I recently mentioned 95 year-old Roger Angell’s compilation entitled “This Old Man” and the warming pleasure I derived from reading it. I mean, just knowing that a guy is successfully plying his trade at ninety-five is exhilarating. Should I reach that exalted plateau, I’d be happy to be able to find my mouth with a soupspoon. With the glimmering realization that I’m eating.
The highlight of the book is an essay to which I would accord immediate “classic” status, it’s “title offering” – arriving at the 91 percent juncture in my reading which is now almost exclusively on “Kindle” and that’s how they tell you where you are. I have no idea what page it begins on. That’s for actual book readers.
I shall provide today a sampling slice of Mr. Angell’s insightful and articulate chronicling of his current circumstances – which he composed at age ninety-three – as it rings an identifiable bell with what I am experiencing myself.
Here’s what he says about the conversational component of reaching your tenth decade, a situation in which you are there, but at the same time…
You can read this now or when you are ninety-three, when it’s applicable.
Read it at ninety. Just in case.
Okay, here it is.
“We elders - what kind of a handle is this, anyway, halfway between a tree and an eel - we elders have learned a thing or two, including invisibility. Here I am in a conversation with some trusty friends – old friends but actually not all that old: they’re in their sixties – and we’re finishing the wine and in serious converse about global warming in Nyack or Virginia Woolf the cross-dresser. There’s a pause, and I chime in with a couple of sentences. The others look at me politely, then resume the talk exactly at the point where they’ve just left it. What? Hello? Didn’t I just say something? Have I left the room? Have I experienced what neurologists call a T.I.A. – a transient ischemic attack? I didn’t expect to take over the chat but did await a word or two in response. Not tonight, though. (Women I know say that this began to happen to them when they passed fifty.) When I mention the phenomenon to anyone around my age, I get back nods and smiles. Yes, we’re invisible. Honored, respected, even loved, but not quite worth listening to anymore. You’ve had your turn, Pops; now it’s ours.”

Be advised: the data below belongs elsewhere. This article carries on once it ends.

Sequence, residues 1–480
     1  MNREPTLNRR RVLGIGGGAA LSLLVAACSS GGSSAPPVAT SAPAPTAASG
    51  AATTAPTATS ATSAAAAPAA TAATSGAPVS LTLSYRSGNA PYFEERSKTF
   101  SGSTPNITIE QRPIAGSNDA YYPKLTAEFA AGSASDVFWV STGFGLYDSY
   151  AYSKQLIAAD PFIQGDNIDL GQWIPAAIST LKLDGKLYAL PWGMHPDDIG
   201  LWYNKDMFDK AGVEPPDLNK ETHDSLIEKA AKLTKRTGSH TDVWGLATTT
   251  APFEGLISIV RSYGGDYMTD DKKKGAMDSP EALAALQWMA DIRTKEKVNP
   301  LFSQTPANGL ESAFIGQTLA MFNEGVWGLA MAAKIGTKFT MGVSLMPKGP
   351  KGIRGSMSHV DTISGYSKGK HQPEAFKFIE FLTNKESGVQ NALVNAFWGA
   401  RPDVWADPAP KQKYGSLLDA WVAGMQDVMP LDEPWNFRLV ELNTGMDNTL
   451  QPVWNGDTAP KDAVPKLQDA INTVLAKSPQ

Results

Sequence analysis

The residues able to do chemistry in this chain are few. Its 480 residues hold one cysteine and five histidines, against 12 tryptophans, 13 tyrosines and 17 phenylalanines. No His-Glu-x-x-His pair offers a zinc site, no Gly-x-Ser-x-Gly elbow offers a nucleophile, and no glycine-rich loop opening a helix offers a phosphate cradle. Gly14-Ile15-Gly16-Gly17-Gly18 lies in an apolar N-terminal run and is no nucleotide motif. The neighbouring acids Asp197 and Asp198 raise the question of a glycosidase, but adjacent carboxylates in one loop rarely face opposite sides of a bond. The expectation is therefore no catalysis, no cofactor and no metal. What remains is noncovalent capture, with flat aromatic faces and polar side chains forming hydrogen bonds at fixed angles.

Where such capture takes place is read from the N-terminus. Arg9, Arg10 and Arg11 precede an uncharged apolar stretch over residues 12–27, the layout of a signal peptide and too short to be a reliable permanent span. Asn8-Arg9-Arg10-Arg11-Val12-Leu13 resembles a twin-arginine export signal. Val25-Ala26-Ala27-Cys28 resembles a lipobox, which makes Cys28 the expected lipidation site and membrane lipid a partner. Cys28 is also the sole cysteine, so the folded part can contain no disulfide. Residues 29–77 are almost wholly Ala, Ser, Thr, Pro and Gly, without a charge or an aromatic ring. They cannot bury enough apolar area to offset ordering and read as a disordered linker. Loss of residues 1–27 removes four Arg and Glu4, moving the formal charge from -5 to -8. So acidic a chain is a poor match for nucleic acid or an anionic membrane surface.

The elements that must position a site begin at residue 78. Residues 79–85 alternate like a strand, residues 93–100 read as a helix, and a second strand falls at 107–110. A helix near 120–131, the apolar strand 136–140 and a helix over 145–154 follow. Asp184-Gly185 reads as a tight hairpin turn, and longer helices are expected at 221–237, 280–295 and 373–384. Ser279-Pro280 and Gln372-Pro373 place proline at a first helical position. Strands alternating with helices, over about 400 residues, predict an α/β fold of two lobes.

Edging rapidly towards seventy-one, I am as yet not entirely ignored. However, when I carry on too long, I detect surreptitious glances towards I-Phones.
Word from an advance scout reveals that the situation gets worse.